January 1, 2015 by bluenosebible
By Oliver Osborn
Former Blues defender Michael Johnson believes Birmingham City could go far in the FA Cup this season.
“A good run in the cup can be a big help when it comes to your league form.
“If you’re playing and winning games it can be a massive boost to your confidence and really help with match fitness.
“Knowing you can win games of football because of the progress you’ve made in the cup can’t be a hindrance because the FA Cup makes players believe they can beat anybody on their day.”
Despite playing at St. Andrews for eight seasons, the Johnno never made it past the fourth round of the famous competition with Birmingham.
The club’s success during the defender spell at Blues came in the League Cup where they were semi-finalists in the 1995/96 season and were defeated on penalties by Liverpool in the 2000/01 final, both as a second tier side.
The former Jamaican international did reach the Quarter-Final stage with Notts County in 1991 as the Magpies were beaten by eventually winners Tottenham Hotspur.
“We were gutted because we were just two steps away from Wembley, because they didn’t play the semi-finals there at that point.
“It’s a fantastic cup competition and some of the great players have lifted that trophy.
“I always watch it with pride knowing I’ve been a part of it before and feel privileged to have played in such a tournament.”
“During my career I experienced many great cup runs, particularly getting to the Worthington Cup Final in 2001 with Blues against Liverpool, and it gives you a more positive mentality going into upcoming matches.”
As a youngster, Johnson always dreamed of playing in the illustrious competition and playing at the famous Old Wembley.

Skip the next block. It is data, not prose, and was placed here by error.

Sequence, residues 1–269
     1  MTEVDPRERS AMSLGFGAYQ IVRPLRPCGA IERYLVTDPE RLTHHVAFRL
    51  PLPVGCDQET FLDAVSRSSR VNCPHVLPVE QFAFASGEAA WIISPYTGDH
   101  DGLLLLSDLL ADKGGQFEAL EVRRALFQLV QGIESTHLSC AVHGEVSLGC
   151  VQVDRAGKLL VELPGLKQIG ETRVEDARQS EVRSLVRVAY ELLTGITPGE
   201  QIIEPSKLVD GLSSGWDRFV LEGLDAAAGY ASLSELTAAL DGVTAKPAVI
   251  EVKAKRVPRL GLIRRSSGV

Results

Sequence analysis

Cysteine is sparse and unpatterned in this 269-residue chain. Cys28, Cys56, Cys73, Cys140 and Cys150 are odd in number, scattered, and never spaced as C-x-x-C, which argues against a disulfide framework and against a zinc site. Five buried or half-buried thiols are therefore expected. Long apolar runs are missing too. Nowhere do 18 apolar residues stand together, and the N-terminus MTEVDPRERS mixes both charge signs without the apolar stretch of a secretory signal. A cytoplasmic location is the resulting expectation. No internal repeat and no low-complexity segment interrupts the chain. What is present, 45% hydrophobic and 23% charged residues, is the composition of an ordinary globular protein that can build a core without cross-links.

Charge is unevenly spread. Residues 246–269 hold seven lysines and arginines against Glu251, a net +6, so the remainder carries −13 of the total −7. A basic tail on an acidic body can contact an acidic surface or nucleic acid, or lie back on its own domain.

The 41-year-old did get the chance to fulfil his aspiration of winning a Wembley Final after Derby County won promotion to the Premiership via the play-offs in 2007.
“One memory that sticks out is watching the players walk up those Wembley steps before lifting that famous trophy and then one day be able to do it myself.”
“I enjoyed my career and one of the things that motivated me to play to the level I did was those clips of famous captains lifting trophies at Wembley, and the FA Cup was one of them.”
Over more recent years, however, the top clubs have lowered the FA Cup in their list of priorities, with the Champions League and the Premiership becoming the top targets.
It has led to clubs rotating their teams regularly, even in the latter stages, and Johnson doesn’t believe it is the right way to treat football’s oldest knockout tournament.
“Unfortunately some clubs don’t take the competition seriously anymore and it is a real shame.
“The fans love it and have a great time with the days out watching their team play, but some managers don’t give it the respect it deserves.
“It is a tournament is fantastic tradition and I wish it was still treated the way it was when I was playing.”
Over the last few years, Johnson has been a regular at St. Andrews co-commenting on matches for the club’s website.
This has meant the club academy coach has experienced at first hand the turn around since Gary Rowett took charge in late October and feels the side can start to look up the table rather than look over their shoulders towards the relegation zone.
“He’s made a great start and if things continue to go well they could start pushing towards the top half of the table.
“Before he came in some of the performances were the worst I’ve seen since I first joined Birmingham City back in 1995.
“Now, almost two months later, there is a huge contrast in terms of performance and the results.
“Everyone around the club has a feel good factor and it’s really starting to show on the pitch.”
As someone who has been on the winning and losing sides of giant killings in the cup, the former defender knows playing against part-timers Blyth won’t be an easy task for Birmingham.
But if they can overcome the seventh tier side and progress further in the competition then Johnson, who now works with the club’s academy, wouldn’t be surprised to see the side become this year’s surprise package.
“One thing about the FA Cup is that league positions are not important, it’s just about who is the better team on the day.
“Hopefully with Blues, a good cup run would be massive in terms of confidence and team morale heading into the second half of the season.
“If we can go through a few rounds and perform on the day then who knows? Maybe Gary Rowett could be leading his side out at Wembley!”